$125.02 - $443.96
A wastegate hose is designed to relieve pressure in the intake manifold when the accelerator has resumed the rest position. The wastegate hose is made of a material that is resistant to heat, oil, and fuel. It directs air under the vehicle, sometimes into a canister for collection of carbon.
The wastegate hose has problems relieving pressure when it gets clogged. As the air is returned from the intake manifold to the turbo, the air brings oil, fuel, and contaminants with it that build up in the hose. This is more common when there is a lot of build up within the intake manifold.
When the pressure is returned to the turbo from the intake and there is a chattering noise, then the hose may be clogged. Also, if the hose is cracked or split, then the air escaping has a loud hissing noise. Plus, if the hose goes into a canister, then when the hose is split, it leaks out carbon, fuel, or oil and sprays this all over the engine compartment. You may also notice a decrease in fuel economy.
Often, the Check Engine Light comes on when there is a problem with the wastegate hose. Common engine codes are:
Part 1 of 3: Verify the condition of the wastegate
Step 1: Get your key and turn on the engine. Throttle the engine quickly to spool up the turbo.
Let off the throttle to the rest position and see if the wastegate hose dissipates the pressure.
Step 2: Drive the vehicle around the block. Accelerate the engine then let off the throttle.
You should hear a normal escaping sound of waste discharge. If you hear a choppy noise or a whistle noise, then the hose may be plugged or cracked.
Step 3: Open the hood to the engine compartment. Grab a flashlight and look for the wastegate hose.
Check the condition of the hose. Check the clamp’s condition on the back of the turbo if there is such a clamp.
Part 2 of 3: Replacing the wastegate hose
- Allen wrench set (SAE/metric)
- Band crimper tool
- Boxed end wrenches
- Flat tip screwdriver
- Needle nose pliers
- Phillips screwdriver
- Protective gloves
- Ratchet with metric and standard sockets
- Safety glasses
- Torque bit set
- Wheel chocks
Step 1: Park your vehicle on a flat, hard surface. Make sure that the transmission is in park (for automatics) or in 1st gear (for manuals).
Step 2: Place wheel chocks around the tires. In this case, the wheel chocks go around the front tires since the rear of the vehicle will be lifted up.
Engage the parking brake to the lock the rear tires from moving.
Step 3: Raise the vehicle. Using a floor jack, lift under the vehicle at its specified jacking points until the wheels are completely off the ground.
Raise up vehicle if the turbo is accessed from under the vehicle.
Step 4: Place the jack stands. The jack stands go under the jacking point locations; lower the vehicle onto the jack stands.
For most modern cars, the jacking points for jack stands are on the pinch weld just under the doors along the bottom of the car.
Step 5: Put on safety glasses. There may be a small amount of pressure in the turbo as you remove the hose.
This can cause debris to fly in the air.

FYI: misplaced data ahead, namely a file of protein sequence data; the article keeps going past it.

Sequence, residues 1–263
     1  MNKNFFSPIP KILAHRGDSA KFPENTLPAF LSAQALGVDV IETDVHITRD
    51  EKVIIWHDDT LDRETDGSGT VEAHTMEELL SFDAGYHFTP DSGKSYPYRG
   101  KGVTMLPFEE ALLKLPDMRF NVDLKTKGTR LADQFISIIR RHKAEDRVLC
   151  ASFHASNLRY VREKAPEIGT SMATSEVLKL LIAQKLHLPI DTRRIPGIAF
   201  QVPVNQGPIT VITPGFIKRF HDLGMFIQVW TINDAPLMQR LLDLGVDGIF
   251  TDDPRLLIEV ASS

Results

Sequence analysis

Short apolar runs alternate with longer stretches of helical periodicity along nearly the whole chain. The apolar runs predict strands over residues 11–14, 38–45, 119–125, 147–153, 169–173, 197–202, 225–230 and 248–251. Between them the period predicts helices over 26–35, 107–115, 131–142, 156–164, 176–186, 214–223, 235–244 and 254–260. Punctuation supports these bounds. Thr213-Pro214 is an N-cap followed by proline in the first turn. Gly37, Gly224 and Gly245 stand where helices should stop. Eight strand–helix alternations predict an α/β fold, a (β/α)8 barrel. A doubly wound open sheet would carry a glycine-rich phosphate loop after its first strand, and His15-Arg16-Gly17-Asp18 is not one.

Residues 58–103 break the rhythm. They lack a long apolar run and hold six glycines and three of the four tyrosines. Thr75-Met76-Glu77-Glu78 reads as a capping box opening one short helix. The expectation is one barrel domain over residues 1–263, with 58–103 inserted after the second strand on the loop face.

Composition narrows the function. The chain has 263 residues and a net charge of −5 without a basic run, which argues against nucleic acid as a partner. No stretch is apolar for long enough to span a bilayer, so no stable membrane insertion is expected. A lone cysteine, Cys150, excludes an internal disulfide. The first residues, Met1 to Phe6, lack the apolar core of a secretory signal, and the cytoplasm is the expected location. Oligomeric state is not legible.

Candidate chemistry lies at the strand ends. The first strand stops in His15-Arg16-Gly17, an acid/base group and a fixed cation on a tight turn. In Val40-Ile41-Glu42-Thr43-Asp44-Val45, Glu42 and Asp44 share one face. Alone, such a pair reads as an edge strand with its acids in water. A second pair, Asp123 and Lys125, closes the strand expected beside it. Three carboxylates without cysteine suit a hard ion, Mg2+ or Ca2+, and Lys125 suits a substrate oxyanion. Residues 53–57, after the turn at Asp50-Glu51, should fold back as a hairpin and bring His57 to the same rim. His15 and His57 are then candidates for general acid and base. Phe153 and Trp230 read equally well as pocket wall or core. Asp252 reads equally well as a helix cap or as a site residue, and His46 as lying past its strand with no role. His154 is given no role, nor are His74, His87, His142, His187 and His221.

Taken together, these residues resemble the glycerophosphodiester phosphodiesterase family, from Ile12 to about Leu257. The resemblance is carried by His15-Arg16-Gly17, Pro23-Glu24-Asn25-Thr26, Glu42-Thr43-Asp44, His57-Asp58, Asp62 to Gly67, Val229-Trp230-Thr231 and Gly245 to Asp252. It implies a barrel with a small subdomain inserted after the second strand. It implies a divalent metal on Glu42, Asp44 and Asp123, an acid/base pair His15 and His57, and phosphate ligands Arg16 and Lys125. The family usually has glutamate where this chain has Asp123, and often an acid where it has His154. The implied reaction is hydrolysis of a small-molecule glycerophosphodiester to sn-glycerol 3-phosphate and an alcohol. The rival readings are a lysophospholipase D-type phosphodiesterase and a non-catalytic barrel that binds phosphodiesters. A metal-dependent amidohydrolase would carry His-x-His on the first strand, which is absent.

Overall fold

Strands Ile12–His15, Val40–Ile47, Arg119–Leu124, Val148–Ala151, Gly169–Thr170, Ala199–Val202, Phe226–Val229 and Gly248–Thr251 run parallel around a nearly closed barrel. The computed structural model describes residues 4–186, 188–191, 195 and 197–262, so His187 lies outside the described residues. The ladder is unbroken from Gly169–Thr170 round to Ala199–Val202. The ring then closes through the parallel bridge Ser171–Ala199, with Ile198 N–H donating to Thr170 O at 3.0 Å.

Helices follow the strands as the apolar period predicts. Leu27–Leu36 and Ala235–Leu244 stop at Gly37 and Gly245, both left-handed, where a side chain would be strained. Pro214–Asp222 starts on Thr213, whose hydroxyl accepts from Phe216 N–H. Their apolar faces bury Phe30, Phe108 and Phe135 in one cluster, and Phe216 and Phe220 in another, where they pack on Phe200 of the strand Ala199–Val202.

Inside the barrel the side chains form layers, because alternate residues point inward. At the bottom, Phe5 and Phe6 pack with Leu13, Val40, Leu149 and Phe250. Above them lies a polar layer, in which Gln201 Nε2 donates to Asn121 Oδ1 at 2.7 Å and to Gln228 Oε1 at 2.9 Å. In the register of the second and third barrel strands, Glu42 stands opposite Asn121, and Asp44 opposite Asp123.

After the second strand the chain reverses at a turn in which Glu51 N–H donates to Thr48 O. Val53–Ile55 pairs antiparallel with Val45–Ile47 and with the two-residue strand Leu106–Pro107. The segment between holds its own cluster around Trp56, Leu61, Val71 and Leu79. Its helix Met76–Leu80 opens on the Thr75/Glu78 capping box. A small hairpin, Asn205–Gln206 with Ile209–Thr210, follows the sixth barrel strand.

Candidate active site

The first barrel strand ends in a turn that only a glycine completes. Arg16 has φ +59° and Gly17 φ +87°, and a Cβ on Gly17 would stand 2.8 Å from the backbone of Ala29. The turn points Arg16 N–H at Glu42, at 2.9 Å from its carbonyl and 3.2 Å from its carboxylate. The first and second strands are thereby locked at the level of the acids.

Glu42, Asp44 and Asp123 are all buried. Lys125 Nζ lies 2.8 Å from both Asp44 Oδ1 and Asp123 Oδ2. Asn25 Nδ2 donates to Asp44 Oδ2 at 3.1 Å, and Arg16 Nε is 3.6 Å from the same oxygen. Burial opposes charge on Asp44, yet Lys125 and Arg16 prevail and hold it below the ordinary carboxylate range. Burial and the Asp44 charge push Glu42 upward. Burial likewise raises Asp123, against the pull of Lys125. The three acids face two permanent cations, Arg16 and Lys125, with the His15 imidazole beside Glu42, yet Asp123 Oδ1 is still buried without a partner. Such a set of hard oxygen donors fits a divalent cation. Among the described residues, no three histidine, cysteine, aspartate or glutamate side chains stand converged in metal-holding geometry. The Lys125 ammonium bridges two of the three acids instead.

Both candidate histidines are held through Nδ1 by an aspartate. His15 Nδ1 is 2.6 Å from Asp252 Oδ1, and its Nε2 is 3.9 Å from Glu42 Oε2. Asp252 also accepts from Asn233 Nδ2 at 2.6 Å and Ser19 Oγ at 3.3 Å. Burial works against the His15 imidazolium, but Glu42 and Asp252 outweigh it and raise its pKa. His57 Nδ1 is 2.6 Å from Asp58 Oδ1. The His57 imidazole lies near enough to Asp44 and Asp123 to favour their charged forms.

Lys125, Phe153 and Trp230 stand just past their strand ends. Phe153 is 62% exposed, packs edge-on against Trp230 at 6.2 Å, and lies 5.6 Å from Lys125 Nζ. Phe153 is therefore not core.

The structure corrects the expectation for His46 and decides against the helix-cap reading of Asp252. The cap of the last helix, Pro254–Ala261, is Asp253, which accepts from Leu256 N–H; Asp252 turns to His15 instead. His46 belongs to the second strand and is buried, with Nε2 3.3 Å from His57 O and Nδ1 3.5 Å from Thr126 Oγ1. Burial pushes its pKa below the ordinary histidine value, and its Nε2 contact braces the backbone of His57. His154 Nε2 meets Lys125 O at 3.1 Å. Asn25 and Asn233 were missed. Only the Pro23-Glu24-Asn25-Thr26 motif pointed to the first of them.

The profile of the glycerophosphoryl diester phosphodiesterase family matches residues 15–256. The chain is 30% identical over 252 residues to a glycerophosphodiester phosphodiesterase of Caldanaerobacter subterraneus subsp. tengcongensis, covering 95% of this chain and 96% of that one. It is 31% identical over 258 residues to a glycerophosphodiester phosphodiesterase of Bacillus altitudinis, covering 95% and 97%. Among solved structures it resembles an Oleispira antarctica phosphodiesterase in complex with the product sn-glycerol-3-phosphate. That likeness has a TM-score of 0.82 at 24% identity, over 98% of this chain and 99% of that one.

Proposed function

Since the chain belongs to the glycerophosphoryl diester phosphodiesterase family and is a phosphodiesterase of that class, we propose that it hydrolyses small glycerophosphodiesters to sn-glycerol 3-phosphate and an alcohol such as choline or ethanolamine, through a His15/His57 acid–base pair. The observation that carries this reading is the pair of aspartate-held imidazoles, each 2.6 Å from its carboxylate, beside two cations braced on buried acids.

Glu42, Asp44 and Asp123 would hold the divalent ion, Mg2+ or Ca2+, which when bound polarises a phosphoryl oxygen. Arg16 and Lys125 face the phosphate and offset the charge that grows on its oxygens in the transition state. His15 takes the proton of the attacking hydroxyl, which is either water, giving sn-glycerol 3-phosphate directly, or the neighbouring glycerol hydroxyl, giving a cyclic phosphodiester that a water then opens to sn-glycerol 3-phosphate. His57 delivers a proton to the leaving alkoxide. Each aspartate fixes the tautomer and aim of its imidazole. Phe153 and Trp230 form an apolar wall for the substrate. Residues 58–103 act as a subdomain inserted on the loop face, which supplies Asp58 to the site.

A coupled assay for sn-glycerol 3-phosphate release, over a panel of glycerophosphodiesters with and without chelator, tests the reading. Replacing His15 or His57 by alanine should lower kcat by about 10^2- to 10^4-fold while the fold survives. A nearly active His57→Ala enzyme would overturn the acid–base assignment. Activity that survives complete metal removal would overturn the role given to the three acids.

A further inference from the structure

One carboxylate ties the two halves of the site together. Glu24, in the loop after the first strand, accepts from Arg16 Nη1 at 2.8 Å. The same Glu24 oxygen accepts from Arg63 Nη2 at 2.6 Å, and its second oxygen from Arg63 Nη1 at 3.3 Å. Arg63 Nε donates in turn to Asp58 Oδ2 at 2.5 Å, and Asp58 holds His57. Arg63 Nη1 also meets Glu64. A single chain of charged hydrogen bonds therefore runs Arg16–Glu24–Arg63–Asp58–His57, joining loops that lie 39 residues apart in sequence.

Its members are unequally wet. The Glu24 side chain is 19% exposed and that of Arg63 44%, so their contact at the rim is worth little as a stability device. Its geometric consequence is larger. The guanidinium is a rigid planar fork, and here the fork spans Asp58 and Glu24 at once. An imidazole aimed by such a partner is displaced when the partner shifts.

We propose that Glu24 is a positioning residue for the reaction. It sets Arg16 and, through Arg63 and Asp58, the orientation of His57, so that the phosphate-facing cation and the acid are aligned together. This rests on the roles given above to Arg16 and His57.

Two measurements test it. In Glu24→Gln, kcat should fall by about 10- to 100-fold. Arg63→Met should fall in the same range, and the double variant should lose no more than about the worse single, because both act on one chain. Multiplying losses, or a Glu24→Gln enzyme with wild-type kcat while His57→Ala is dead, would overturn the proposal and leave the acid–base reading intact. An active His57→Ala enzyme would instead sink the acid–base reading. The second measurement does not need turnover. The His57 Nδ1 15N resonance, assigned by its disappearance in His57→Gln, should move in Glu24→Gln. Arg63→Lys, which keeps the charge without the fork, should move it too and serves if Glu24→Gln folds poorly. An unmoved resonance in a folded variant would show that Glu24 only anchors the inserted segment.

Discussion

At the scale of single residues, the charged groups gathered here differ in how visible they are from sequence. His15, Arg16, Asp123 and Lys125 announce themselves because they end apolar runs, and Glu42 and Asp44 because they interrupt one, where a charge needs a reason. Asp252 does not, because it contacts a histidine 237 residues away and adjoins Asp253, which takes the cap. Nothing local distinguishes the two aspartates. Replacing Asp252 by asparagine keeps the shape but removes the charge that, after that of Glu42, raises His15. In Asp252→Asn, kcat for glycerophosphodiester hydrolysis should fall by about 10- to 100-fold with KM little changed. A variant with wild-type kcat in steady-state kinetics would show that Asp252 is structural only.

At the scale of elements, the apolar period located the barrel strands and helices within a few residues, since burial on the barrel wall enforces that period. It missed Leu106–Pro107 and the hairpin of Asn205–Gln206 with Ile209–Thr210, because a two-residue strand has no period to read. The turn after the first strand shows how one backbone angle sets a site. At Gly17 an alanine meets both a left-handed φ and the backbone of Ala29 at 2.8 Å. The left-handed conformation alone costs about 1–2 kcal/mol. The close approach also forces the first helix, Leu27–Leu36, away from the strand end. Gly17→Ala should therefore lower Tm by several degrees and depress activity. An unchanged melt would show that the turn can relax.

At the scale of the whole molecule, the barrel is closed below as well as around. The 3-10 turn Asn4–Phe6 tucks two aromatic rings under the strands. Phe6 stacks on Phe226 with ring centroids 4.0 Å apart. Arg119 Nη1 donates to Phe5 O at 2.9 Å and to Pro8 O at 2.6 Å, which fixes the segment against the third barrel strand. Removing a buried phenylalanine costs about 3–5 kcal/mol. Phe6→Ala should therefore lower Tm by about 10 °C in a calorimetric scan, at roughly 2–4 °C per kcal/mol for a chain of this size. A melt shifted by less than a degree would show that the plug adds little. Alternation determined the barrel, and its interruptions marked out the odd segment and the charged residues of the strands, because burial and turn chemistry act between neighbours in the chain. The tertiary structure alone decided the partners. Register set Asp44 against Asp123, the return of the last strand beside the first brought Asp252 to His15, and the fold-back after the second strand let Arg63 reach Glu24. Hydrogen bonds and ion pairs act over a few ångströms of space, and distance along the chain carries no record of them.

Step 6: Locate the turbo or turbos. Remove all of the mounting brackets to the wastegate hose.
Step 7: Remove the wastegate hose clamps from the turbo and controller. Some clamps may be attached by a pressed on band clamp.
Other clamps may be compression clamps removable by needle nose pliers.
Step 8: Remove the wastegate hose.
Note: You may have to remove the turbo to access the wastegate hose. If you do, remove the mounting nuts to the exhaust manifold. Once the turbo is off, discard the exhaust gasket. Most exhaust gaskets are compression gaskets and are used only once. Put on a new gasket and install the turbo after putting on a wastegate hose. Install the mounting nuts to the turbo and torque to 20 foot pounds and an additional 1/8 turn. Do not over torque the mounting nuts.
Warning: Do not remove the wastegate and leave it off permanently. This will cause an overboost condition and damage the engine.
Step 9: Put on the new wastegate hose. Fit the hose onto the turbo and controller.
Step 10: Install new hose clamps. If you had to use needle nose pliers to remove the hose clamp, be sure to reuse the needle nose pliers to install the new clamps.
If you had to cut off the band clamp, be sure to install the new band clamp and use a band crimper tool to secure the clamp.
Step 11: Install all brackets that you removed to get the hose off.
Step 12: Raise the vehicle. Using a floor jack, lift under the vehicle at its specified jacking points until the wheels are completely off the ground.
Step 13: Remove the jack stands. Keep them far away from the vehicle.
Step 14: Lower the vehicle to where all four wheels are on the ground. Pull out the jack and put it aside.
Step 15: Remove the wheel chocks.
Part 3 of 3: Test drive the vehicle
Step 1: Drive the vehicle around the block. During the test, listen for the operation of the wastegate.
Make sure that the turbo is wasting the pressure and not over boosting.
Step 2: Monitor the dash for the fuel level and for any engine lights to appear.
Step 3: Verify the wastegate hose is still attached. When the road test is over, shut off the engine and open the hood.
Use your flashlight and verify that the wastegate hose is still attached.
If your engine light comes on after replacing the wastegate hose, then there may be further diagnosis of the wastegate system needed or a possible electrical issue within the wastegate system. If the problem persists, have one of YourMechanic’s certified mechanic inspect the wastegate system and diagnosis the problem.
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